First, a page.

Louis Armstrong was a trumpeter, singer, soloist and a film star. He was considered one of the best and most influential artists in the jazz history, he is also known for some pieces such as Star Dust and one that I am most familiar with What a Wonderful World this one would probably be my favorite piece for me, I had to write about this song for one of my classes in highschool so I am familiar with the piece.
Louis Armstrong was born in 1901 in New Orleans, and it wasn’t until the 1920’s where he stood out influenced several different musicians with his trumpet playing style along with his unique voice that to some may sound very raggedy. Armstrong’s stage presence impressed many in the jazz community, he recorded several songs during his career: Stardust, What a Wonderful World and La vie en Rose. In Armstrongs younger years he had a tough childhood as he grew up in Louisiana, the part in where he lived in Louisiana was so poor that it had the nickname the Battlefield. His father worked in a factory and ended up abandoning his family soon after Armstrong’s birth, while his mother had to turn to prostitution and Louis was frequently staying with his maternal grandmother and soon he had to dropout of school in fifth grade and begin to work. Armstrong found work from a Jewish family (the Karnofskys) collecting junk and delivering coal, the family encouraged young Louis to get into singing and was often invite over to the family’s house for meals which gave Louis a sense of purpose in the world.
In 1912 Louis was arrested for firing his father’s gun on New Year’s eve celebration, after this incident he was put into a home for boys called Colored Waif’s Home for Boys and it wasn’t until then where he starting receiving information about music. He received instructions on the cornet and ended up falling in love and once he left the all boys home he started becoming interested in pursuing his passion for music and performing. Louis was still forced to work odd jobs selling newspaper and hauling coal to the cities red light district, he then met a guy named Joe Oliver where he started to mentor Armstrong by showing him pointers on the horn and Joe would sometimes even use him as a sub. Once louis became older he started growing up pretty quick he got married to a women named Daisy Parker, while being married the two adopted a 3 year old whose mother armstrong’s cousin passed away while giving birth. Also during time of marriage Louis’s music career began to grow, in 1918 he replaced his mentor Joe Oliver Kid Ory’s band which soon became the most popular band in New Orleans. This helped Louis in the long run as he was able to quit his manual labor jobs and began concentrating solely on his full time music career, playing at parties, dances, and many more places that got his name spread throughout New Orleans. The following year Armstrong spent the summer playing on river boats with a band led by Fate Marable, that is where he honed his music reading skills and had his first encounters with jazz legends who influenced him. Armstrong was focused on staying in New Orleans until he had received a call from his old mentor Joe Oliver to come to chicago to join Joe’s jazz band on second cornet, as he accepted he quickly started taking Chicago by storm. He made his first recordings with Oliver in 1923 where he earned his first recorded solo on Chimes Blues, Louis soon then started dating one of the members of the band who said that Joe was holding him back in his music career. That is when Louis decided to join the Fletcher Henderson Orchestra, a top african american dance band in New York City and he immediately made his presence with his solos that introduced the concept of swing music.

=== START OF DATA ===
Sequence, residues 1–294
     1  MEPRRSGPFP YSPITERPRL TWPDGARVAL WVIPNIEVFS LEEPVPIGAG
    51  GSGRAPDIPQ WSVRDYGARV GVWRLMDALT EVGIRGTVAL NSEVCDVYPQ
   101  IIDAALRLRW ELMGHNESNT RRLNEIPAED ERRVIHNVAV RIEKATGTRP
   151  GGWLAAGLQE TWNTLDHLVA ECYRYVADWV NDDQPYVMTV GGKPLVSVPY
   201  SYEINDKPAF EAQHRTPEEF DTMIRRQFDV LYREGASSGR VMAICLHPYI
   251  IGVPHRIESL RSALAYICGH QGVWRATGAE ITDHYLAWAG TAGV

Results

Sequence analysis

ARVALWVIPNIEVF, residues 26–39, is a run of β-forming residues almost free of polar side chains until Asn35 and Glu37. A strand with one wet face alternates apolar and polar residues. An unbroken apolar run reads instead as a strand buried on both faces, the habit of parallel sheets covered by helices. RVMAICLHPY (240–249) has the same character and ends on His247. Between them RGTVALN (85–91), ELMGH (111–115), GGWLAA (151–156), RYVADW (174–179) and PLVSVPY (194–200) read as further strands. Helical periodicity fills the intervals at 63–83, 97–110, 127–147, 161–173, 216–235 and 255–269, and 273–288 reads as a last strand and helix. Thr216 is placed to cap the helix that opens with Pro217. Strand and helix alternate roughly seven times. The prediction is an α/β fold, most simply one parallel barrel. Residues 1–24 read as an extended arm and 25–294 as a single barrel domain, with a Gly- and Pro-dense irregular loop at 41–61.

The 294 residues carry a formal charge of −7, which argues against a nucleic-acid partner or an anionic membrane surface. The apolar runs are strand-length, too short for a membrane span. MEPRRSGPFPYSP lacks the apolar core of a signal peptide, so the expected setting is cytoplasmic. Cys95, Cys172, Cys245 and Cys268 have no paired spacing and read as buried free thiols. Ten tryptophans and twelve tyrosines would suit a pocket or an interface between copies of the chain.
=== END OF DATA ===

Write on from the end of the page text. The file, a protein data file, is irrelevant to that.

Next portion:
This huge influence Armstrong gave to the band as they began to incorporate Armstrongs swing music into their arrangements, this ultimately transformed the Henderson band into the first big Jazz band. Though Armstrong’s southern background did not mix well with the rest of the musicians in the band, he received some greif about the way Armstrong dressed and how he talked, Henderson did not allow him to sing as he feared that his voice was too coarse for the sophisticated audience at the Roseland Ballroom they performed in front of. Soon Louis ended up leaving the band a couple years later to return to Chicago, where OKeh records let him make his first recordings with a band under his own name and he made more than 60 records. The recordings are considered as the most important and influential recordings in jazz history, Armstrongs brilliance helped transform from an ensemble music to an soloist’s art and his solos on numbers like Cornet Chop Suey and Potato Head Blues change the jazz genre, featuring swinging phrasing, and incredibly high notes. His popularity continued to grow in Chicago he began playing at many more venues including the Sunset Cafe and Savoy Ballroom. A pianist named Earl Hines used Armstrong’s style into his own pieces, they had their first duet together the Weather Bird and West End Blues, these performances became some of his finest works that proved to the world that the musical genre of dance jazz was capable of producing fine art.
Louis Armstrong had a huge impact on the jazz community, his skill of playing really helped him stand out of anybody during his time. While being at the top of the jazz music he had his first heart attack where he was forced to go to intensive care at Beth Israel for heart attack and kidney trouble, he tried returning to the music world but in the end it became too much for him and he passed away on July 6, 1971. It was crazy reading about how influential Armstrong was in incorporating a new style to the music industry, my favorite piece by him was What a Wonderful World I really enjoyed this song and hearing his voice during the entire piece.